If the signs are printed on the laser stock we provide on a Xerox Phaser (6600/6700) or Xerox Versalink C400 the cards are 100% waterproof and UV resistant. However, the plant cards will fade in the sun over time.
So how long will the signs last?
The useful life of the signs is much more dependent on the laser toner than the sign media (our 'plastic paper'). The actual sign material will hold up for 2+ years in most situations. The life of the printed image (from toner) is subject to the intensity of the UV it is exposed to and the quality of the toner. The Xerox Phaser ORIGINAL (not remanufactured or knock-off) toner holds up well in the sun. We have tested the signs here in central North Carolina in morning shade and afternoon sun. From the first of March through mid-August, the image faded roughly 10% and was still usable. However, the degradation was NOT linear. It faded an additional 10% in the next 20 days or so and was approaching not usable. Over the next week or two, the sign faded to be completely unusable. Please note the percentages mentioned above are estimates based on 'eyeballing' the sign. Customers with less intense UV have reported using signs longer and customers further south or at significantly higher elevations have had to replace the signs more frequently.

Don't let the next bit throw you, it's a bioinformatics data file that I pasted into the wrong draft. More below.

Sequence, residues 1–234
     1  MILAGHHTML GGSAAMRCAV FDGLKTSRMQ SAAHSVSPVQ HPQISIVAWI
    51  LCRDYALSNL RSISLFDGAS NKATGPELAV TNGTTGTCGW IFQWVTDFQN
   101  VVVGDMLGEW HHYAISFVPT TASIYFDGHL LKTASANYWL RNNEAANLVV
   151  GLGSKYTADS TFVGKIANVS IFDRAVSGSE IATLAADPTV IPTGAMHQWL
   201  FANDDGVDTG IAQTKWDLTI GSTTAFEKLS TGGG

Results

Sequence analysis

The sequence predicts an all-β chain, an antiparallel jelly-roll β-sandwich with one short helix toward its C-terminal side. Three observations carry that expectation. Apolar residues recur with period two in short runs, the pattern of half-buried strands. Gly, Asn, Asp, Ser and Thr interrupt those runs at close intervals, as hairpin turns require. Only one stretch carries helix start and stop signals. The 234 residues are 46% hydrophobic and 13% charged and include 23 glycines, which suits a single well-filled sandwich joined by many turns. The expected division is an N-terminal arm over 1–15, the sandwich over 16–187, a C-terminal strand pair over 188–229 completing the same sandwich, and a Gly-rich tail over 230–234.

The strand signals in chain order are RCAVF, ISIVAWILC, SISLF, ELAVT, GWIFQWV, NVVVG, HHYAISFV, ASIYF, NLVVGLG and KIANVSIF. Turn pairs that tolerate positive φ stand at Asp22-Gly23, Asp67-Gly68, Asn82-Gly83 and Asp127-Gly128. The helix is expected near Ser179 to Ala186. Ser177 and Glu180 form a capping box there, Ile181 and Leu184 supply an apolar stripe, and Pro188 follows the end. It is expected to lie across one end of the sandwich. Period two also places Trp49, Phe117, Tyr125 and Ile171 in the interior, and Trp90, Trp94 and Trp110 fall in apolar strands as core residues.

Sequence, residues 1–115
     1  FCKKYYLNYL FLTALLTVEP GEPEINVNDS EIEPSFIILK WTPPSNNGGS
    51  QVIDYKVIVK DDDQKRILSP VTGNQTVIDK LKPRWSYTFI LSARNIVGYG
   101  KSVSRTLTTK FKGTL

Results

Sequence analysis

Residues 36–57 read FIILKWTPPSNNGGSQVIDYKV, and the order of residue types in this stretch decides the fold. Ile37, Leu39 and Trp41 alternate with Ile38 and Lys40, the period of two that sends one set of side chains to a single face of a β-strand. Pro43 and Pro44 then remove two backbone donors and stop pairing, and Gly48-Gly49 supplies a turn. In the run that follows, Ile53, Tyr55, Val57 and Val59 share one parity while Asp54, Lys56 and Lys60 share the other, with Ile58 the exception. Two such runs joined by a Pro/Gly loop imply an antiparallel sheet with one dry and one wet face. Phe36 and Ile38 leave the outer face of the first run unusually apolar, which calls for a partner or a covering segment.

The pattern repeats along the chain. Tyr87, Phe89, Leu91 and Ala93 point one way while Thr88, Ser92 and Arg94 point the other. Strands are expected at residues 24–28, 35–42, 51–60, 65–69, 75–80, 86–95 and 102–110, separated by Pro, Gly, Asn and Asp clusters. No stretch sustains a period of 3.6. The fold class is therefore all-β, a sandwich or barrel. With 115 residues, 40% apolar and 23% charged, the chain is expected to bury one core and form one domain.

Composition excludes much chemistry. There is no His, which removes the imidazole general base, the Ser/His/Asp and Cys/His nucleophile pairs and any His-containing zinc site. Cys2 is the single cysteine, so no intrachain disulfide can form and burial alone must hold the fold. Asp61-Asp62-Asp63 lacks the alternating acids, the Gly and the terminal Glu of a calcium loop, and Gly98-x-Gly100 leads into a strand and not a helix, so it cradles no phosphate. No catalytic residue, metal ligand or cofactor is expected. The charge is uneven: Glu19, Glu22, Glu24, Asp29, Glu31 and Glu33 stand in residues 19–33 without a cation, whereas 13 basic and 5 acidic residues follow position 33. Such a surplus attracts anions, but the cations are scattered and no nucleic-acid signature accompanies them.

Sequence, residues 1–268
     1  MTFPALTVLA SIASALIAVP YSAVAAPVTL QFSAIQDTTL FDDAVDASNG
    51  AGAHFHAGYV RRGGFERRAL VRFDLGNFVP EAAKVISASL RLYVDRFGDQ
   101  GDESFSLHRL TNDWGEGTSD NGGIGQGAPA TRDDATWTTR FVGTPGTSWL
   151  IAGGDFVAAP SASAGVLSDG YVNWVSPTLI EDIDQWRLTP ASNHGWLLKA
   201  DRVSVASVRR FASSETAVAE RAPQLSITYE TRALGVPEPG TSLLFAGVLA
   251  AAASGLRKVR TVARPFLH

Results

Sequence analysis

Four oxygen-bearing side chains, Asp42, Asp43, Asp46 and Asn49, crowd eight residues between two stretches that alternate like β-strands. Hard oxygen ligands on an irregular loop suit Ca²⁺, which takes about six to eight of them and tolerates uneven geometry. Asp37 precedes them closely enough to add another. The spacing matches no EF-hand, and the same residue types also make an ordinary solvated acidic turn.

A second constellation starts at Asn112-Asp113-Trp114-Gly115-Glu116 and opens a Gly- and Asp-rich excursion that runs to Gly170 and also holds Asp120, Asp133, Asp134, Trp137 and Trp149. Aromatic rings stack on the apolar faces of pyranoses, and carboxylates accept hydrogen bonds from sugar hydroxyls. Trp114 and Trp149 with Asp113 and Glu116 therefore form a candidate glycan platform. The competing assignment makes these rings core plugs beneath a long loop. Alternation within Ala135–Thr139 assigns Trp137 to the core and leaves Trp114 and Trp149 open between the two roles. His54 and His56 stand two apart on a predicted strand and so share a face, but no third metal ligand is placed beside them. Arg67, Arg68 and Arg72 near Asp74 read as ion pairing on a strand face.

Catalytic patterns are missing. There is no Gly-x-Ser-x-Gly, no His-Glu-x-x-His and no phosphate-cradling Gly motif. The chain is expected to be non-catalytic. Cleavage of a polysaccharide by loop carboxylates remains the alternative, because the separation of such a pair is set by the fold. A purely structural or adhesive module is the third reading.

Of course, if a sign is exposed to sun for fewer hours each day (only morning sun for example), the signs will last considerably longer.
In short, signs produced on demand at this price point WILL FADE and MAY need to be replaced before the season ends.
What if I use a printer I already have?
We have NOT been able to test all the different laser printers on the market. However, from what we have tested, we know that the Xerox Phaser Laserss combined with the Xerox Never Tear sign material media provide the best UV resistance. Of course, you can use your own laser printer, but we have no idea how long the cards will be usable. Please note that InkJet printers will NOT PRINT on synthetic paper like the Xerox Never Tear.
Check your UV rating on http://www.homefacts.com/uvindex.html. Be sure to look at spring and summer months as the yearly average is brought down with fall and winter scores.